The HTC Vive Lighthouse tracking system, on the other hand, is laser-based. It emits signals from two Base Stations that sit in opposing corners of your room, and only require you to plug them into a power socket. The headset and controllers contain sensors which detect the laser when it passes over them, and interpolate the timings to give an exact position. Though it does still have physical limitations, it is significantly more robust in larger areas than the Oculus camera system.
There are other benefits to the HTC Vive Lighthouse system: it’s a lot quicker to set up again. If you plan on demoing room-scale VR in other locations, the ease of setup and reliability of the Vive are definitely a benefit.
We’re at least two years away from a new version of either headset. In addition to looking at the platforms as they stand now, it’s worth looking toward the future.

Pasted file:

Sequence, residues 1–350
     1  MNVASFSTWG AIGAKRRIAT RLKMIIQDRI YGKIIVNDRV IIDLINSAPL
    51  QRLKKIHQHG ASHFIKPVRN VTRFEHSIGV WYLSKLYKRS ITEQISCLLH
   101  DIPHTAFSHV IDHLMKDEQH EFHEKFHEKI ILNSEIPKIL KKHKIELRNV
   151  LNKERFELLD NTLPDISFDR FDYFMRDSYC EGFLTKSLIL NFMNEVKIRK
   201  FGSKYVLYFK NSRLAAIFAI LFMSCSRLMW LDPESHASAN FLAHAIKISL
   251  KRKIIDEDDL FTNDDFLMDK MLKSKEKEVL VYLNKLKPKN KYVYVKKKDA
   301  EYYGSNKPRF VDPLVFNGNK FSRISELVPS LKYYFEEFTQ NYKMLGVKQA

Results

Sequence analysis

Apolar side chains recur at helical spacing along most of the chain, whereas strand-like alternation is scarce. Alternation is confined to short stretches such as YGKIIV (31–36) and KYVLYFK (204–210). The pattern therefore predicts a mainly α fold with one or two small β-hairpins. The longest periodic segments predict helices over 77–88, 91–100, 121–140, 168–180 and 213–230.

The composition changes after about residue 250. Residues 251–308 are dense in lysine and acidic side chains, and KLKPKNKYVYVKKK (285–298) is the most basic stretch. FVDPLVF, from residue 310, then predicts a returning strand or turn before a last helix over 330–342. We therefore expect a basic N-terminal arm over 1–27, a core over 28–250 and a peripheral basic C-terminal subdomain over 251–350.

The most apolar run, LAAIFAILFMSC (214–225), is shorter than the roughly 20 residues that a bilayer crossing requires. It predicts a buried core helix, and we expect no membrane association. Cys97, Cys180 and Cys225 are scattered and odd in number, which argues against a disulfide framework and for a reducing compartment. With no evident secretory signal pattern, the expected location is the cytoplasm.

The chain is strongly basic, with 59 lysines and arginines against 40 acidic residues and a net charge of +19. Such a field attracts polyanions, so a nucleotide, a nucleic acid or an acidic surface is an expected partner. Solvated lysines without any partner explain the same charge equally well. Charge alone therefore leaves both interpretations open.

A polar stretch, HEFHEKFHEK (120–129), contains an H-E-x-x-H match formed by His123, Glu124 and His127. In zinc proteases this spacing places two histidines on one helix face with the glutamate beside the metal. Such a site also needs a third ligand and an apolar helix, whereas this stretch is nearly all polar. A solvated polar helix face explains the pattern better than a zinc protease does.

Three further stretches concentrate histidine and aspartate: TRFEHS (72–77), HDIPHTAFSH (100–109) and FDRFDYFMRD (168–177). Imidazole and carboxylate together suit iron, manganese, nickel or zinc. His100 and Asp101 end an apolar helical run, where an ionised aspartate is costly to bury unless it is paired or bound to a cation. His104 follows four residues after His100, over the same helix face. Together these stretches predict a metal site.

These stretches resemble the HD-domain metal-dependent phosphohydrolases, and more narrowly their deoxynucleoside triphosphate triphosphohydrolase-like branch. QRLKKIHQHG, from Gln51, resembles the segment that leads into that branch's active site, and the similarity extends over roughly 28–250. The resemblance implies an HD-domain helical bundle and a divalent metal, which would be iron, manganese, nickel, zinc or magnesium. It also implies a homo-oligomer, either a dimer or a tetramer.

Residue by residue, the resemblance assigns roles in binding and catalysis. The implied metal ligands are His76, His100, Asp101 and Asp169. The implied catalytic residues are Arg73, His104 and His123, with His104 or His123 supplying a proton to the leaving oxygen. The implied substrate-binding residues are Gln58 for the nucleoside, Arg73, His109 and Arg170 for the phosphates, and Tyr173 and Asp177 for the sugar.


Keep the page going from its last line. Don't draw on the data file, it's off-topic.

The first major upgrade is a rigid headband for the HTC Vive, with integrated headphones — quite similar to the Oculus Rift design, in fact. Pre-orders for the U.S. are open at the time of writing for around $100. Of course, while this should bring overall headset comfort and features in line with the Rift, it does increase the already significant price difference between the two systems.
After that, there will be wireless transmitters, and the first of those is likely going to come from TPCast. Funded by the ViveX accelerator program, this will initially only work with the Vive. We expect other wireless transmission systems to release this year though, so it’s likely these will be compatible with the Oculus Rift too. It is worth noting, however, that the Oculus Rift has a proprietary connection on the headset side.